The cooking kinetics of spaghetti cooked in boiling water by a traditional method: (TRC) and by microwave (MWC) using an innovative oven suitable for pasta cooking were investigated. The quality of cooked spaghetti was studied as a function of the following cooking parameters: weight increase, total thermal effect and gelatinization extent. Microwave cooking resulted in a time–temperature profile different from that of the traditional cooking process and when the cooking parameters were equal, the microwave cooking was characterized by a lower total thermal effect. In spite of the lower total thermal effect, when the weight increase was equivalent, microwave cooking resulted in more gelatinized and softer products than traditional cooking. The higher gel degree and amylose solubility were not reflected in a higher cooking loss or stickiness; this was due to a more compact gluten network in the outer layer of spaghetti. By modulating the cooking time it was possible to obtain MWC samples with values of weight increase, gel degree and firmness, respectively, equal to the TRC ones; thus different ‘‘optimum cooking times” were defined. Sensory panels did not perceive any significant differences between TRC spaghetti and MWC spaghetti samples cooked for different ‘‘optimum cooking times” except for the yellow colour intensity, which resulted higher for MWC pasta in agreement with the instrumental analysis data.

COCCI E., SACCHETTI G., VALLICELLI M., ANGIOLONI A., DALLA ROSA M. (2008). Spaghetti cooking by microwave oven: Cooking kinetics and product quality. JOURNAL OF FOOD ENGINEERING, 85, 537-546 [10.1016/j.jfoodeng.2007.08.013].

Spaghetti cooking by microwave oven: Cooking kinetics and product quality

COCCI, EMILIANO;SACCHETTI, GIAMPIERO;VALLICELLI, MELANIA;ANGIOLONI, ALESSANDRO;DALLA ROSA, MARCO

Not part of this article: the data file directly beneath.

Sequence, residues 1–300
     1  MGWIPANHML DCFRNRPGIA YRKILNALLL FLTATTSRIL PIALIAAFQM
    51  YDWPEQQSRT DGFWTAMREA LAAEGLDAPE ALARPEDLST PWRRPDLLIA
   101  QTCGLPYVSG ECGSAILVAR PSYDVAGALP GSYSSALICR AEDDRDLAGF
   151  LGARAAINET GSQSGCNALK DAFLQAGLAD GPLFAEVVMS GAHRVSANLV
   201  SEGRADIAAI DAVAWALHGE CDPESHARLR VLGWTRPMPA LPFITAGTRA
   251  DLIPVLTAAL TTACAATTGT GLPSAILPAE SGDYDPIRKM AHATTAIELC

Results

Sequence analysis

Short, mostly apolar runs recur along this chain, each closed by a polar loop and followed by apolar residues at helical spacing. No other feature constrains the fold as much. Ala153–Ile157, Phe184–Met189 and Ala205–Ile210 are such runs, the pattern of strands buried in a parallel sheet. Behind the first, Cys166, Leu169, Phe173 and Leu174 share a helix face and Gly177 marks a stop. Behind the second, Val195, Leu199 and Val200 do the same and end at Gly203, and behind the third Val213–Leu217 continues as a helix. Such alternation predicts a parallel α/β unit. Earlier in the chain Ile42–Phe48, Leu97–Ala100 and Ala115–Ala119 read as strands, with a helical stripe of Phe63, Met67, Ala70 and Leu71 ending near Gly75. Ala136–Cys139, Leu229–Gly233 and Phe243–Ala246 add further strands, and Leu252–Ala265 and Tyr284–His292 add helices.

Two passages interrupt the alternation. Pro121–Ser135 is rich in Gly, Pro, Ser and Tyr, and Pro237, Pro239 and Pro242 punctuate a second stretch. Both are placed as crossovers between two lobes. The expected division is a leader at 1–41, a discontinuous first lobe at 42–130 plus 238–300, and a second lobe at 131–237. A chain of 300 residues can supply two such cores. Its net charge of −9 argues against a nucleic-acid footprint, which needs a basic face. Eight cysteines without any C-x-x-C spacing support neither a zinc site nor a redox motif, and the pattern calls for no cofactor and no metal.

2008

Abstract

The cooking kinetics of spaghetti cooked in boiling water by a traditional method: (TRC) and by microwave (MWC) using an innovative oven suitable for pasta cooking were investigated. The quality of cooked spaghetti was studied as a function of the following cooking parameters: weight increase, total thermal effect and gelatinization extent. Microwave cooking resulted in a time–temperature profile different from that of the traditional cooking process and when the cooking parameters were equal, the microwave cooking was characterized by a lower total thermal effect. In spite of the lower total thermal effect, when the weight increase was equivalent, microwave cooking resulted in more gelatinized and softer products than traditional cooking. The higher gel degree and amylose solubility were not reflected in a higher cooking loss or stickiness; this was due to a more compact gluten network in the outer layer of spaghetti. By modulating the cooking time it was possible to obtain MWC samples with values of weight increase, gel degree and firmness, respectively, equal to the TRC ones; thus different ‘‘optimum cooking times” were defined. Sensory panels did not perceive any significant differences between TRC spaghetti and MWC spaghetti samples cooked for different ‘‘optimum cooking times” except for the yellow colour intensity, which resulted higher for MWC pasta in agreement with the instrumental analysis data.
2008
COCCI E., SACCHETTI G., VALLICELLI M., ANGIOLONI A., DALLA ROSA M. (2008). Spaghetti cooking by microwave oven: Cooking kinetics and product quality. JOURNAL OF FOOD ENGINEERING, 85, 537-546 [10.1016/j.jfoodeng.2007.08.013].
COCCI E.; SACCHETTI G.; VALLICELLI M.; ANGIOLONI A.; DALLA ROSA M.
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Utilizza questo identificativo per citare o creare un link a questo documento: https://hdl.handle.net/11585/115479
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